We each walk through this world and we form certain opinions about others based on their appearance, their trappings.
That person has a Rolex, they must be rich.
That person has sneaky eyes, they must be untrustworthy.
That person lives in a caravan park, they must be destitute.
These are judgements we have made based on very superficial factors.
The person with the Rolex might be bankrupt.
The person with sneaky eyes might have cataracts.
The person who lives in a caravan park might have millions in the bank.
The Camino is one of the few places I know where it’s very hard to make those kind of judgements, because there’s often very little to make judgements on, other than attitude and behaviour.
Most pilgrims don’t take expensive jewellery or watches on the Camino. Most pilgrims wear the same kind of hiking clothing. You can’t make judgements on them based on what car they drive, or what house they live in.
Often you meet a pilgrim and you have no clue if they’re a judge or a janitor.
The Camino, in that sense, induces a base level of status. Very few come to the Camino with their status on display. And if they do, often the Camino strips them of that status in very humbling ways.
That’s not to say pilgrims don’t immediately judge. They judge the “trueness” of the pilgrim, often by asking the seemingly innocent question: Where did you start?
That’s far from an innocent question.
If the pilgrim being asked that question states Pamplona, or Burgos, then the pilgrim asking the question, having walked from Le Puy or Seville, can puff themselves up a bit and think they are a “truer” pilgrim, whatever that means.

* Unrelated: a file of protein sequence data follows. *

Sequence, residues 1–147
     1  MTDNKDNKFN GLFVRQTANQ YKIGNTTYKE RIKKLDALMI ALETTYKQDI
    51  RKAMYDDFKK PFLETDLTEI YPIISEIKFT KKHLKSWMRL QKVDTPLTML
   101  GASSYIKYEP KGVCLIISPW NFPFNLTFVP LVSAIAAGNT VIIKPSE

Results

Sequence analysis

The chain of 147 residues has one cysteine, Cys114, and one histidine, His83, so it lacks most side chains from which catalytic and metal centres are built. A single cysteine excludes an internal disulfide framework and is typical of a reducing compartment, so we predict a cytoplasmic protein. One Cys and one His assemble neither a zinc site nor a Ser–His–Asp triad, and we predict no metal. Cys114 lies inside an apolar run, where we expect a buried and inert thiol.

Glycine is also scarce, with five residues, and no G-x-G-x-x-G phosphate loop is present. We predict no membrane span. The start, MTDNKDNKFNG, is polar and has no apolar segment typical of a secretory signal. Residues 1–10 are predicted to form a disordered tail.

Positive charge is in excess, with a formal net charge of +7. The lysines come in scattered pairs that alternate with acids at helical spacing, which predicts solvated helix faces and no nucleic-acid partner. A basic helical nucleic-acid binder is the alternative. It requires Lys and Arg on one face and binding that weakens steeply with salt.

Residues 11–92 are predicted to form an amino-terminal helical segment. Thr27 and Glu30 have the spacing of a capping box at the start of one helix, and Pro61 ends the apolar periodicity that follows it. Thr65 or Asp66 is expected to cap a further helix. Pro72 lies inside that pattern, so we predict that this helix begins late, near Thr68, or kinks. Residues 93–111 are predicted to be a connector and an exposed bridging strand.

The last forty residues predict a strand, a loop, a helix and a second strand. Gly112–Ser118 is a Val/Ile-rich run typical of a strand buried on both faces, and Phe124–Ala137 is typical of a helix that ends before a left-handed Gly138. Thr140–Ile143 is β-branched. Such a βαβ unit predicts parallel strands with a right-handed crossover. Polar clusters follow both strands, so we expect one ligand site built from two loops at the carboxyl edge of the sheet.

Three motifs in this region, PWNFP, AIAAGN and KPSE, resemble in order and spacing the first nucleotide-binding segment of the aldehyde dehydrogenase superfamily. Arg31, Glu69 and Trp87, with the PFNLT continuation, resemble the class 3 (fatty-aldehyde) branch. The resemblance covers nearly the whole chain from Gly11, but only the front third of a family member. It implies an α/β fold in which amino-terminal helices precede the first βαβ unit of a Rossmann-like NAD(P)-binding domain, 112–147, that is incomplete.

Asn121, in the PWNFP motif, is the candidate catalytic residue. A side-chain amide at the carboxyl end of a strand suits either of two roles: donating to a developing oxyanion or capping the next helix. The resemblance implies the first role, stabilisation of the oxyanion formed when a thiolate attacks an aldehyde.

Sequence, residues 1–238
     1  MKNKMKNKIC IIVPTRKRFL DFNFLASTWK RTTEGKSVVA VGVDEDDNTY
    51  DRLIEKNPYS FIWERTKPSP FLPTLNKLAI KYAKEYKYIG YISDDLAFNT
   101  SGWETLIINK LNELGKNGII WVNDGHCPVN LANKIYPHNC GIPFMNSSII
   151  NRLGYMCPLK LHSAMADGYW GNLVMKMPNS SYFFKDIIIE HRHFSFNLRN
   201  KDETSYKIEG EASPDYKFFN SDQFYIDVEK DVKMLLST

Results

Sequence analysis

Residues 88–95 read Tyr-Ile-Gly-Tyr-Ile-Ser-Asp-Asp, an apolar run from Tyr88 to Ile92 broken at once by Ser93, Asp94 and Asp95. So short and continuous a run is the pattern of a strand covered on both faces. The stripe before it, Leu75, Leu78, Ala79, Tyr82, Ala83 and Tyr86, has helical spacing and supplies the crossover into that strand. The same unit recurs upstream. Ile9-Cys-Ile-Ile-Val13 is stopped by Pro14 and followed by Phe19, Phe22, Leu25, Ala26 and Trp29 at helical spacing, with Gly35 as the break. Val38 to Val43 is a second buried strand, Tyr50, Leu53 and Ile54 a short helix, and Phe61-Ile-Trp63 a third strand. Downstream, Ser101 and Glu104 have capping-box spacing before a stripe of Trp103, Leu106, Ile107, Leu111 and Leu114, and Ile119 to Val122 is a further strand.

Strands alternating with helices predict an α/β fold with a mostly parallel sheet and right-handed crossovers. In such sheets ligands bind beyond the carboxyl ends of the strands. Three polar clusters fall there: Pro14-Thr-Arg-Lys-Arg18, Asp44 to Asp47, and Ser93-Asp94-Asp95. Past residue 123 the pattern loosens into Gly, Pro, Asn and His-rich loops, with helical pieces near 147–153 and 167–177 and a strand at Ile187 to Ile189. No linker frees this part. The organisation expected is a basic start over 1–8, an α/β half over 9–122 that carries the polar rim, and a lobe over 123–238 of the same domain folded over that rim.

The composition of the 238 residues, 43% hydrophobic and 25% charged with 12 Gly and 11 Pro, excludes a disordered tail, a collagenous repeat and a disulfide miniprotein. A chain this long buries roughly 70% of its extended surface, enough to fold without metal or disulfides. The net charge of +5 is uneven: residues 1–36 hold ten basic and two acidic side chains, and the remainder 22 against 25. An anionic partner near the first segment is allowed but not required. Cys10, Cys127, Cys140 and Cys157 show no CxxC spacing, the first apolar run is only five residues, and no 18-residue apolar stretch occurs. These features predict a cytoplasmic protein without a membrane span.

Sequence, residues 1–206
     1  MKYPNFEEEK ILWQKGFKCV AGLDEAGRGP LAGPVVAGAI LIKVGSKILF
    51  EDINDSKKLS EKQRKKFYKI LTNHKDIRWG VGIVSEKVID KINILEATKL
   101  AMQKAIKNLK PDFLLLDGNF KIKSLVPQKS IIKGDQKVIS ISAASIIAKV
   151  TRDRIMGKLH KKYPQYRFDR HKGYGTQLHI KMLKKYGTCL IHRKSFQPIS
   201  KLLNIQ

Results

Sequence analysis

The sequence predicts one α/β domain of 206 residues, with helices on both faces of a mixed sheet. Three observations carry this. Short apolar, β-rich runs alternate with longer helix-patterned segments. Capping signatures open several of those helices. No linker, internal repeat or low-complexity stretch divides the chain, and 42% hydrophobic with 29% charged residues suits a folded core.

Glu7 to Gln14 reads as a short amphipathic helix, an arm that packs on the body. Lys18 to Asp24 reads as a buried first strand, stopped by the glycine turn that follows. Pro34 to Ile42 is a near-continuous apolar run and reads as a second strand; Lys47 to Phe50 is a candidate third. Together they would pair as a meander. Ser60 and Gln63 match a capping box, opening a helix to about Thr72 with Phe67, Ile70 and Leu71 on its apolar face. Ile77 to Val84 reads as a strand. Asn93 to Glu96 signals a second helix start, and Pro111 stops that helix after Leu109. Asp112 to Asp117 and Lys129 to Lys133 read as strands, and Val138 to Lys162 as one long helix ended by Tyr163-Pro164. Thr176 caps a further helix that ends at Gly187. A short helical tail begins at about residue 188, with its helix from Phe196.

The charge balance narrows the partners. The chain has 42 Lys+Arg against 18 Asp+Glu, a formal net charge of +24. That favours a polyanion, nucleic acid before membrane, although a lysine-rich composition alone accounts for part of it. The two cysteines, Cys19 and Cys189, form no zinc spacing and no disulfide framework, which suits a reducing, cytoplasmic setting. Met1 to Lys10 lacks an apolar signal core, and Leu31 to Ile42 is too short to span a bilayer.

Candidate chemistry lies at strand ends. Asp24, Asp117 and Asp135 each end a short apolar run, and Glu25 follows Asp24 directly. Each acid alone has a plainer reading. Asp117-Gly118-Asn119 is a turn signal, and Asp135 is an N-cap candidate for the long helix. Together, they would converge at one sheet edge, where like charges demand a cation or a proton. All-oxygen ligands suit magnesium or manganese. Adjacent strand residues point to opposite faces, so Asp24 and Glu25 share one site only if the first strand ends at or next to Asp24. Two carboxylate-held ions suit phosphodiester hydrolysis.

Of course, like any form of judgement, it’s based on ego, a need to feel superior, which in turn stems from lack of self worth, and ultimately fear.
Largely, and I say largely, the Camino is a leveller. People who, in their lives back home, might be famous, might be rich, might wield enormous power over others, sit down at communal tables, eat €10 pilgrims meals, and you’d never know.
And in the end, what does it matter? It’s who we truly are that matters, not what resources we might have accumulated elsewhere.
The Camino helps us find out who we really are…
The Camino is a great leveler on so many levels, Bill. And I miss it so! Great photo as well!!! Much love to you and Jen.
LikeLiked by 1 person
You’re at home on the Camino, aren’t you Laurie. It holds so much resonance for you. You’ll be back there soon, I’m sure!
Are you still at the ashram? Very fond memories of our time spent there on Bill and Jen’s tour. Wonderful experience.
LikeLiked by 1 person
Hey Mate, This is the kind of post that started me following you years ago. Back to basics for the moment, huh? Best to you and yours.
LikeLiked by 2 people
haha – yes, thought it was time to do a dedicated Camino blog. Have been having meet ups and dinners with a few Camino people lately and I was reminded how important our Camino bonds are. Good to hear from you – Jen and I send big hugs and best wishes for this year. Bill
So true. And isn’t that one of many facets of the Camino that draws us to it? The freedom to be who we really are…
Thank you, Bill
You’re exactly right Fran. There’s probably only the military and jail which are the only other real levellers. Thanks for your comment!
Hi Bill, just been reading about Henri Bergson. He is of the same thought re PGS as you.
Funny thing, and one of life’s little gifts is:
Jason’s son, Quinn and his wife, Stav, live at Henri Bergson 8 – somewhere in Israel, not sure as I’ve not been there yet.
I googled Henri Bergson and thought of you and your book immediately.
Just had to share it with you
Thanks Jane – I will check him out! Very curious! Bill
Yes, it is a great gift of the Camino. It teaches one a lot about assumptions we tend to make. Love the post 💕 like getting a phone call from a friend you haven’t heard from in a while.